Swedish boat sails to overall victory in Volvo Ocean Race

Ericsson 4 of Sweden won the 2009-2010 edition of the Volvo Ocean Race on Monday, marking the second time a Swedish boat has placed first in the grueling nine-month round-the-world sailing competition.

Swedish boat sails to overall victory in Volvo Ocean Race

The VO70 yacht skippered by Brazilian Torben Grael came in third in the ninth and next-to-last stage between the Swedish port of Marstrand and Sandham near Stockholm, and cannot now be caught in the overall standings.

The short 525-mile leg was won by US entry Puma Ocean Racing, which recorded its first stage victory in the event.

Puma crossed the line at 10.40 pm, just metres ahead of the other Swedish entry, Ericsson 3, after a thrilling finish. Ericsson 4 arrived about 15 minutes later.

It was the second time a Swedish yacht has won the event after EF Language in the 1997-98 edition.

Ericsson 4, the favorite before the event began in the Spanish Mediterranean port of Alicante in October, has won five of the nine stages held so far.

There still remains an in-port race in Stockholm on Sunday and the 10th and final stage between the Swedish capital and St Petersburg in Russia, where the yachts are expected on June 27 at the end of the 37,000-mile event.

But only a maximum of 12 points remain to be won for any one boat, and Ericsson 4 has an unassailable 13-point lead.

The Ericsson team was by far the best prepared for the event, with a budget of €80 million ($110 million) for the two boats — Ericsson 4 and Ericsson 3.

The two Spanish yachts, Telefonica Blue and Telefonica Black, were expected to be its main rivals before the start, but both were hit by bad luck.

Grael, 48, a double Olympic champion and America’s Cup specialist, has won his first ever ocean race. He finished third in the last Volvo race in 2005-06 in charge of the yacht Brazil 1.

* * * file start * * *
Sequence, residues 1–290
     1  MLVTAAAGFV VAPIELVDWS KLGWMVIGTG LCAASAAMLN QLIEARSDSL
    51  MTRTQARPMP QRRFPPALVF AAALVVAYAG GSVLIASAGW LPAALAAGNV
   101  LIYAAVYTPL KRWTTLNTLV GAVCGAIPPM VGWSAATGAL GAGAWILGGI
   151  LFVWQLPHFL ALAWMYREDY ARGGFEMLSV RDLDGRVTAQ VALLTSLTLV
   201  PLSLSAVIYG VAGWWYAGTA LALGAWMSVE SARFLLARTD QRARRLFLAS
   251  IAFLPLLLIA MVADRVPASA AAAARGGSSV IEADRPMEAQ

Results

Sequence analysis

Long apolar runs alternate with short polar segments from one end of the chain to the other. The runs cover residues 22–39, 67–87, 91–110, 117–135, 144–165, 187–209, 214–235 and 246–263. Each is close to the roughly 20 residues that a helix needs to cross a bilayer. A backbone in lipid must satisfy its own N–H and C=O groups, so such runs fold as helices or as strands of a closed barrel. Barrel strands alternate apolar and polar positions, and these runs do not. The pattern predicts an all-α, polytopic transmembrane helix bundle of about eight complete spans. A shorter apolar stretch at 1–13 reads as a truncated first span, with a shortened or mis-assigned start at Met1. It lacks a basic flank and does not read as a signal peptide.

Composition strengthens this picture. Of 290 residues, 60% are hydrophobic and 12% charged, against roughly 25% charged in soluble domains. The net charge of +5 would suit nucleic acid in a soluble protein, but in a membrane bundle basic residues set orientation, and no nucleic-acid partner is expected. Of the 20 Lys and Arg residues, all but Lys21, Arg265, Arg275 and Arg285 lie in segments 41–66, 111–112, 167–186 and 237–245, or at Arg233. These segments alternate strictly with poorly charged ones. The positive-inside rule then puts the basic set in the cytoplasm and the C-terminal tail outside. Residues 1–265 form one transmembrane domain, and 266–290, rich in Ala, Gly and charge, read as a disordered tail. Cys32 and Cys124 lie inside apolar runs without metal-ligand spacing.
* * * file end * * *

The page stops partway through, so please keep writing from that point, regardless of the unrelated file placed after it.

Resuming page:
Puma’s win reinforced its claim to second place in the event. Its main rival for the spot, Telefonica Blue, skippered by Dutch veteran Bouwe Bekking, hit a rock as the yachts left Marstrand was undergoing repairs Monday prior to restarting the leg on Wednesday or Thursday.

The Volvo race, known as the “Everest of sailing”, started out in 1973 as the Whitbread race.

The 10th edition of the race involving the single-hull 70-foot (21.3-metre) yachts this time was longer and more arduous than ever, taking in Southeast Asia for the first time.

Eight teams started the event, but only seven are remaining after Team Russia withdrew.

The teams received points according to their position in each leg. Half points were awarded for the positions in the in-port races.

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British sailor on verge of Gothenburg double

Briton Ian Walker aims to complete a rare Volvo Ocean Race double on Saturday as the biggest yachting race in the world finally reaches its climax in the Swedish port of Gothenburg.

British sailor on verge of Gothenburg double
British sailor Ian Walker. Photo: TT
Walker's Abu Dhabi Ocean Racing already claimed the overall, offshore trophy, the main event of the nine-month, 38,739-nautical mile offshore marathon, in Gothenburg on Monday.
His team are also six points ahead in the in-port series that has been held in the 10 ports hosting the triennial event since it started in Alicante, Spain, on October 4th last year.
Anything other than a failure to finish or last place in the seven-strong fleet coupled with a victory for closest rivals, Team Brunel (Netherlands), in Saturday's Gothenburg race will see the Emirati-backed crew over the line as in-port champions.
Brunel were also second to Abu Dhabi in the offshore race.
The offshore and in-port double is not unique in Volvo Ocean Race history — Mike Sanderson's ABN AMRO ONE achieved it in 2005-06 — but victory would be another major feather in the cap for a region which only entered the 41-year-old event for the first time in 2011-12 under the Abu Dhabi flag.

The Volvo race ends in Gothenburg this weekend. Photo: TT
Walker, 45, was taking nothing for granted in the nine-month race's final press conference on Friday.
“We try to win everything we do,” he said. “Basically, we just have to make sure we don't finish last.
“But it's a pretty tight race course and there's plenty of trouble out there if you're not careful.”
Team Brunel skipper Bouwe Bekking, 52, could be forgiven for being sick of the sight of Abu Dhabi Ocean Racing's stern after trying to catch it over 38,739 nautical miles and nine offshore legs.
However, he has not totally given up hope of an upset result that will rely on his opponents slipping up uncharacteristically badly.
“We will fight for it and we still have a slight chance,” he told reporters. “It would certainly be nice to win that trophy.”
The action will start at 2pm local time (12pm GMT) and so far the forecasters are predicting strong enough winds to offer the prospect of a fitting finale to the memorable and extraordinarily close-run global event.